(February 24, 2014) - A diagnosis of "heart failure" means the heart is not pumping the way it should. It has not stopped working entirely, but it is in the process of failing and needs immediate medical attention. A heart that is failing cannot send enough oxygen-rich blood throughout the body, which means other organs can't function either.
Heart failure occurs when one part of the heart breaks down. For example, if the left side of the heart loses its ability to contract normally, the heart can't pump with enough force to push blood into circulation. If the muscle becomes stiff and cannot relax normally, the heart can't fill with blood between each beat. When blood is not moving in and out the way it should, fluid builds up in the lungs and blood backs up in the body's veins, causing swelling, fatigue, shortness of breath, and kidney problems.
There is no cure for heart disease, but it can be managed with lifestyle changes and medication. According to the Centers for Disease Control and Prevention, about 5.1 million people in the United States are living with heart failure. The disease costs the nation an estimated $32 billion per year in doctor visits, medication, and lost work time.
People who have coronary heart disease, high blood pressure, or diabetes have a higher risk of getting heart failure. Other risk factors include being overweight, smoking, and eating a diet high in fat, cholesterol, and sodium. Pay attention to your body and talk to your doctor immediately if you have any of these early warning signs:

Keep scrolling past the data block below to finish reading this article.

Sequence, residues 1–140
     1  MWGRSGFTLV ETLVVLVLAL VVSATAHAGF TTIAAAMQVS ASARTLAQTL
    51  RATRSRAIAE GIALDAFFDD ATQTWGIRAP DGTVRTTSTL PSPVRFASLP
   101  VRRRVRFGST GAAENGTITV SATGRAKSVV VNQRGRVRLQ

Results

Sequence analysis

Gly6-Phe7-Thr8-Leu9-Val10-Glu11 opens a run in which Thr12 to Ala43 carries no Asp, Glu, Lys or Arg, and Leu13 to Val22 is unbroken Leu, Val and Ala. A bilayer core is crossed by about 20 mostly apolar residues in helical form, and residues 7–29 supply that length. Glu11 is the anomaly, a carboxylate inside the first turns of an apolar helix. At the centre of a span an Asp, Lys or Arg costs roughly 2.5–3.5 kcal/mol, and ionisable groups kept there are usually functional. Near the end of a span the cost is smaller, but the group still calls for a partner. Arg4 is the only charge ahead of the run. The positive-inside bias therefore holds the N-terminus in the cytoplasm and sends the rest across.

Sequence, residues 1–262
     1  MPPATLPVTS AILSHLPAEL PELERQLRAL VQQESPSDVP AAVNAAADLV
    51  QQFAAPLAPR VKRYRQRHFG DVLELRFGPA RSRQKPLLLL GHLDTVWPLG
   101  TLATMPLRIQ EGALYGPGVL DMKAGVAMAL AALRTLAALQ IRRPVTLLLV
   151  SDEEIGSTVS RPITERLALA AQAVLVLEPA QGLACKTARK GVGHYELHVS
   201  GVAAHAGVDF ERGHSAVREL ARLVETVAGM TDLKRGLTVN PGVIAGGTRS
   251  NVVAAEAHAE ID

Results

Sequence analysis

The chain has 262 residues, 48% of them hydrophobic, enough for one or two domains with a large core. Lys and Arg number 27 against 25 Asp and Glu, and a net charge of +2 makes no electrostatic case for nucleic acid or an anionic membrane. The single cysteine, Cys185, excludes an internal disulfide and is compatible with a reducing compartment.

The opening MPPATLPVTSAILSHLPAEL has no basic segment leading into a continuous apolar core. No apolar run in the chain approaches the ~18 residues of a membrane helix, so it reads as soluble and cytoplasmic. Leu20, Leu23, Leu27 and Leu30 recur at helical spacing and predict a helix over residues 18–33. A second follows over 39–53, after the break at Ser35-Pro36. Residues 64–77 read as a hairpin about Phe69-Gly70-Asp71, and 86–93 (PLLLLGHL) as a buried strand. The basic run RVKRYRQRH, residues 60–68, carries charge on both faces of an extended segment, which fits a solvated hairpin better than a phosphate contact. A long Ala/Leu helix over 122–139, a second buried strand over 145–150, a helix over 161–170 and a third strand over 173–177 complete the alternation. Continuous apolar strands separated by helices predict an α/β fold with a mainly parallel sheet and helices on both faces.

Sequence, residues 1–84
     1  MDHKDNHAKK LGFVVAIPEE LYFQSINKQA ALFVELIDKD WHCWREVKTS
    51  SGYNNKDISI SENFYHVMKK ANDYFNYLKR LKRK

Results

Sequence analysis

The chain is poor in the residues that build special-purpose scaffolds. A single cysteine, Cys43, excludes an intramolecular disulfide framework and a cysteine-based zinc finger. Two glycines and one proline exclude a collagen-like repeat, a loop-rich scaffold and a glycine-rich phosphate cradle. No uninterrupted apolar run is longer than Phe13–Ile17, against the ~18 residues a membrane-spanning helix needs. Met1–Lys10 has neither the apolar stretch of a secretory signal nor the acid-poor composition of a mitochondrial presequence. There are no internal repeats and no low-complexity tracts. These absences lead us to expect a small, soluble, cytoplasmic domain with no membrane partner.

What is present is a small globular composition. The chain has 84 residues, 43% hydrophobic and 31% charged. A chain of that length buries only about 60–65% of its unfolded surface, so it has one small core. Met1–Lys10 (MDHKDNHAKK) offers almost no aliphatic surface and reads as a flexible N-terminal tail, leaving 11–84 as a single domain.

• Sudden weight gain
• Shortness of breath while at rest, not related to exercise or exertion
• Swelling in the legs or ankles
• Swelling or pain in the abdomen
• Trouble sleeping, including waking up short of breath or having trouble
breathing when you're lying flat
• Frequent dry, hacking cough at night
• Loss of appetite
• Increased fatigue or feeling tired all the time
• Increased heart rate or heart palpitations
Memorial University Medical Center offers a heart failure program to help people control their heart failure, alleviate symptoms, and slow the progression of the disease. Participants are given assistance to lose weight and quit smoking. They learn to eat a healthy diet, exercise, and monitor their blood pressure. They weigh themselves daily to track fluid changes within the body. They also take multiple medications to control the disease. In some cases, surgery or implantable devices (such as a pacemaker) are also needed.
The goal of the heart failure program
at Memorial University Medical Center is to help people with heart disease gain a sense of control. They learn that by managing their condition, they can continue to lead a fulfilling life. During Heart Month, let's all do our part to protect our hearts and live better. To learn more about the heart failure program at MUMC, call 350-BEAT (2328) or visit memorialhealth.com.
About the Author:
John Spellman, M.D., FACC, is a cardiologist at Cardiovascular Consultants. He can be reached 912-355-0070.